Today's Devotions

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Showcase: Worry

  • Worry +

    Do we trust God to take care of each and every one of our troubles, or do we act like Read More
  • One Prayer Away: Yolanda Adams +

    Yolanda Adams effectively portrays the experiences of brokenness and longing for change I know there are times in your life,When Read More
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Don  Carson

http://www.biblestudytools.com/rsv/1-chronicles/23.html

http://www.biblestudytools.com/rsv/1-peter/4.html

http://www.biblestudytools.com/rsv/micah/2.html

http://www.biblestudytools.com/rsv/luke/11.html

1 Chronicles 23; 1 Peter 4; Micah 2; Luke 11

IN CERTAIN RESPECTS THE structure of Israelite life, including some facets of its religious life, changed when the people entered the Promised Land and were no longer nomadic.

The first changes were obvious. The Lord stopped the daily supply of manna: the people had to gather food for themselves and grow things. Urbanization began. The Sabbath laws were increasingly applied to trade and commerce as well as to agrarian life.

Now with the establishment of the monarchy and the impending construction of the temple, much more organization and centralization must take place. In particular, David concerns himself not only with providing Solomon with the wherewithal to construct the temple, but with laying the foundations for the new organizational structures that would be necessary to keep it operating. Such matters are of central interest in 1 Chronicles 23–26.

Already in 1 Chronicles 23 David himself reflects on the changes that are coming. One of the duties of the Levites in the past, begun during the wilderness years, was to pack up and transport the tabernacle in the prescribed way, whenever the Lord indicated it was time to move. David reflects on the fact the Lord has now granted his people "rest": they are in the Promised Land. Moreover, he has chosen "to dwell in Jerusalem forever" (1 Chron. 23:25), so some of the duties of the Levites must change: "the Levites no longer need to carry the tabernacle or any of the articles used in its service" (1 Chron. 23:26). Meanwhile, new functions are introduced: more thought is given to temple choirs, and thus to schools of music and training.

So the Levites are reorganized. They are divided into major families, minor clans, and so forth. Moreover, the temple and its needs will not be allowed to take over. True, the following chapters focus on the kinds of tasks that those who serve the temple will have to discharge—not only the immediately priestly duties and the obviously menial tasks surrounding the temple, but the major responsibilities of upkeep, maintenance, finance, and administration. But from the beginning the priests were also to teach the people the law, and serve as "officials and judges." David allots six thousand Levites for the latter tasks (1 Chron. 23:4).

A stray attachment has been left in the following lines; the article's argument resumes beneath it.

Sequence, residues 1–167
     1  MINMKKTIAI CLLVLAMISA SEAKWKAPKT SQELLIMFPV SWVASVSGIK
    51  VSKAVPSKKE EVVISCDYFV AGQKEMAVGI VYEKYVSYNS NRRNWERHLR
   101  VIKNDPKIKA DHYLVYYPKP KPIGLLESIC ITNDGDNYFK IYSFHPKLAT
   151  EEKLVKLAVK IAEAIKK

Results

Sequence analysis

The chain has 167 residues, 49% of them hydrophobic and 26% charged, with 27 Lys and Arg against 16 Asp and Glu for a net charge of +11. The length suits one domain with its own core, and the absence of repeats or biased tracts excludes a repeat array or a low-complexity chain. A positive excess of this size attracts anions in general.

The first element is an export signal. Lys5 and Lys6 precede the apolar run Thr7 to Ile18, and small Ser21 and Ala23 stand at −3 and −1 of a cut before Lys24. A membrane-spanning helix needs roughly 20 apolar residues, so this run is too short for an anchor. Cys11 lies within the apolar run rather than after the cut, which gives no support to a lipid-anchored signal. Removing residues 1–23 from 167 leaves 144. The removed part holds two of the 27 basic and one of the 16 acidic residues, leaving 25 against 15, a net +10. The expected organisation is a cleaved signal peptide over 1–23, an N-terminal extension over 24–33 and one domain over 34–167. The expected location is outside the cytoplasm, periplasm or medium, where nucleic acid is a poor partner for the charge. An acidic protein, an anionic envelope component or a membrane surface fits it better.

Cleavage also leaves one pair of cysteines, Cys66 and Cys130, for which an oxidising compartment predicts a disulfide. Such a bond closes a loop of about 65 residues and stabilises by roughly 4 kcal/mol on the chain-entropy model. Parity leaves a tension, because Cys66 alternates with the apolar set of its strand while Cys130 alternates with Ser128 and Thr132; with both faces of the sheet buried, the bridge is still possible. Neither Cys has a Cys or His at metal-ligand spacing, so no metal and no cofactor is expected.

From all of this we derive significant lessons. Most importantly, this is a lesson in contextualization within the canon—that is, how to take the old "givens" of revelation and adapt them to a new context without sacrificing the givens. As the church has expanded outward into new cultural contexts, those sorts of questions have had to be addressed again and again. One party will latch onto mere traditionalism from another culture; another party will start to abandon what Scripture actually says. What we really need is faithfulness and flexibility.

http://thegospelcoalition.org/blogs/loveofgod/2013/11/27/1-chronicles-23-1-peter-4-micah-2-luke-11/

Reflections to Consider

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Publications

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Music

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Audio & Video

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Favorites

  • Prayer by Alex Kirk, Chatham Community Church +

    What role does prayer play in our lives? What is prayer, anyway? Alex Kirk, pastor of Chatham Community Church, gives Read More
  • How to be Mary in a Martha world by Jim Abrahamson, Chatham Community Church +

    Jim Abrahamson spoke at Chatham Community Church on an essential of the Christian walk Who/what is our savior? What is Read More
  • Christ the King Sunday by Art Going (Holy Trinity Chatham) +

    A thoughtful discussion of how we function as colonizers for Christ the King.  Read More
  • MY STUPID MOUTH by Steve Tamayo of Chatham Community Church +

    Tremendous sermon on the liabilities of our tongue, both in what we say and don't say. Read More
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Hidden Blessings

  • Witnesses for Jesus by Tim Keller (Mark 15) +

    Tim Keller discusses the significance of the women and men who saw Jesus die, buried, and resurrected.  Read More
  • Prayer-bringing light into darkness by NT Wright +

    NT Wright discusses the importance of prayer in maintaining a relationship with Jesus. Read More
  • After darkness, light-the reformation by Michael Reeves +

    Michael Reeves discusses the transformative power of bringing Jesus to the world at the heart of the Reformation. Read More
  • The Esther Option-Living in a fallen world by Mike Cosper +

    The following is an excerpt from an article on The Gospel Coalition website. Read More
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